The LA Lakers:Can a team with no identity win the NBA title?
Posted by: SPQR on Apr 27, 2012 - 12:48 AM
“The value of identity of course is that so often with it comes purpose.”|
With the shortened regular season over, the playoffs are just about upon us; so I have picked this time to ask the members of LTB the most important poll question we will ask all year: Do you think the this team, the current version of the LA Lakers we have watched all year, will win the NBA title? Now, our answers won’t be important, just opinions asked for and given; but the true answer we will all know soon, will tell us much about where this teams stands, what lies ahead, and what it may need to do.
Remember now, I am not asking if you THINK we can win the NBA title. Not do think we have a CHANCE to win the whole deal; not if we do this or that, or if the other playoff series’ break one way or another, CAN we win the NBA Championship. Those questions are hypothetical’s with an escape clause built in. Easy manners of eggress to hedge your bets.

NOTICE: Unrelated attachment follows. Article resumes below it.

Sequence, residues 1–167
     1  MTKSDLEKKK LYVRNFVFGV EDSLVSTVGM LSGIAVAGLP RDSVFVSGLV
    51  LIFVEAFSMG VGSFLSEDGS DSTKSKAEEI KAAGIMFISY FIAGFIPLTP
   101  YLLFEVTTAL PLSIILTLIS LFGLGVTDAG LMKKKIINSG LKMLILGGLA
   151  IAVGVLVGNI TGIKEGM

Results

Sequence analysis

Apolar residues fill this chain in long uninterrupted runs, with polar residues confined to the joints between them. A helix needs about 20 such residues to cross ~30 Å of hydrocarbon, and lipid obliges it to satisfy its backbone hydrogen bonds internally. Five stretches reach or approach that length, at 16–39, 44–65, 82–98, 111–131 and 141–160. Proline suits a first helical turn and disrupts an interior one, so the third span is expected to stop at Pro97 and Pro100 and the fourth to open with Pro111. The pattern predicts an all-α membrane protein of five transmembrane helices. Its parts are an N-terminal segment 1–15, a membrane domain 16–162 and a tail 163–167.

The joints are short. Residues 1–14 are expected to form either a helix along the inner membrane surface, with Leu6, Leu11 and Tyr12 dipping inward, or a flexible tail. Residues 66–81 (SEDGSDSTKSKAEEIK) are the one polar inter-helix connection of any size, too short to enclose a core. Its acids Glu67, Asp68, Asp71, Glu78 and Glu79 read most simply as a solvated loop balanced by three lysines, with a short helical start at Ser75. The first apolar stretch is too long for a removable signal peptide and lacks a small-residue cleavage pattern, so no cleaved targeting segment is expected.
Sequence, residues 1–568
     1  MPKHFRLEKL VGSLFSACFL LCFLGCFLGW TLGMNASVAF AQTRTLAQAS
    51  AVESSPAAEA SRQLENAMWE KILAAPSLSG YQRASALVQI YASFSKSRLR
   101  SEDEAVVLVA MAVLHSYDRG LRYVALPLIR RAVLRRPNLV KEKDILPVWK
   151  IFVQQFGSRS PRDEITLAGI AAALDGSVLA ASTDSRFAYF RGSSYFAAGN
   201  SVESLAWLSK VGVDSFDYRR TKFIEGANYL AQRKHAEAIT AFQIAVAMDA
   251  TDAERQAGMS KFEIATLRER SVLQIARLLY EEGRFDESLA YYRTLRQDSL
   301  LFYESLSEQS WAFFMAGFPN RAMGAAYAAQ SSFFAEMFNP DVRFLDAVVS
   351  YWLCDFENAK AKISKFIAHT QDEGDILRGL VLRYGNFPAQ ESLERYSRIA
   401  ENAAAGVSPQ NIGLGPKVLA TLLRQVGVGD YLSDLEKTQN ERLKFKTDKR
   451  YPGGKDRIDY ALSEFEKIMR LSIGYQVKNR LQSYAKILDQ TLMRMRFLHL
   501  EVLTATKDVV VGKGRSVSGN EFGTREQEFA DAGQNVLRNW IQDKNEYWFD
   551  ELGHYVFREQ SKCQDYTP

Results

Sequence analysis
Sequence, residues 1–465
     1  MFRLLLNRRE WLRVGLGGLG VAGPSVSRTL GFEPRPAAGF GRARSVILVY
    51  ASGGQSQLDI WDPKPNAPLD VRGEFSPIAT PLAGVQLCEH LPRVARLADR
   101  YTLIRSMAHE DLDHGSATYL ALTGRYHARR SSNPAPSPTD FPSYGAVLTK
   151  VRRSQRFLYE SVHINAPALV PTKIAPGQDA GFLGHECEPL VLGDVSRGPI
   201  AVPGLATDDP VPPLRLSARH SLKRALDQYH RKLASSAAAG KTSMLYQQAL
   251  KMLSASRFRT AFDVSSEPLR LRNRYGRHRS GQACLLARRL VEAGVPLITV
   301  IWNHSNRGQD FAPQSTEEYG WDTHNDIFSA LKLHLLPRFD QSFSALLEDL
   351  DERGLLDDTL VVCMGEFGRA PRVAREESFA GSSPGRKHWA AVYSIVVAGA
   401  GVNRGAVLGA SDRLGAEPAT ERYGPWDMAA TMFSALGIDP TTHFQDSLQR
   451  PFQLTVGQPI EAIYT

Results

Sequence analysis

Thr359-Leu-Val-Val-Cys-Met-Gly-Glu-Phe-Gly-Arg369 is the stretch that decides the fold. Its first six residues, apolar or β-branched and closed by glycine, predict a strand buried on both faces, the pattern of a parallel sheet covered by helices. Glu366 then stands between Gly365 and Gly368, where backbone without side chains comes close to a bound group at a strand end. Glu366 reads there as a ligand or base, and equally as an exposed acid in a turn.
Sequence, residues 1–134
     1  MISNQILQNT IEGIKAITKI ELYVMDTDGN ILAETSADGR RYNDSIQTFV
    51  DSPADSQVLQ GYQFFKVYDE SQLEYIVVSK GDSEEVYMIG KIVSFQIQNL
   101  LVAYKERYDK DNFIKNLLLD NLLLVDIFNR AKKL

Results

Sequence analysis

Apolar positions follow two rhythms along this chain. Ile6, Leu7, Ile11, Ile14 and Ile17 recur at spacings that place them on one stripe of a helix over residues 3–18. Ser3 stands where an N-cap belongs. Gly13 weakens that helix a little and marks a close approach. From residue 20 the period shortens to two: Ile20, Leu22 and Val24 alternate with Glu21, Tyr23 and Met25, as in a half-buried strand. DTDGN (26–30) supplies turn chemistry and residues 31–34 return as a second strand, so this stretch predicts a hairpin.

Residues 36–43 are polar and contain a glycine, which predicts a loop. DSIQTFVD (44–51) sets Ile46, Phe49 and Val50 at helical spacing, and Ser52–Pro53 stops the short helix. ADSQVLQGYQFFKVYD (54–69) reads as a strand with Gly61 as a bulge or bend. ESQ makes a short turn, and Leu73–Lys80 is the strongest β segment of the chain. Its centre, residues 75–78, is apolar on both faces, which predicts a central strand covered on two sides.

I am asking the direct, singular question: Do you think they will win the NBA championship? Period. And I am looking for honest answers. Not emotional answers, not answers the heart may want all of us to believe and give, or what your LTB brothers may want you to say, but the answer your head, your intellect gives back when you ask it that question.
Like all of you, I have watched this team all year, sifting through good performances and bad. Wading with distaste through the bitter waters of dark times, drinking deep of the sweet waters of the good. There were certain periods, moments of time, snapshots of perfection and accomplishment where I felt there may be hope. That this team, with a new coach, a new system, a new direction and subtle changing of the guard with Drew and a sledgehammer removal of Derek Fisher in a move for youth with Sessions, could perhaps put it all together and do what we couldn’t do last year with the old way, the old coach, the old players in their some role that was so successful the previous three years.
But now, with the playoffs dead ahead and truncated year of evidence behind us, my head it is telling me the opposite of what the heart so dearly desires. If I had to make a guess, with my life on the line in giving the correct answer, I would say, no, the Lakers will not win the NBA championship.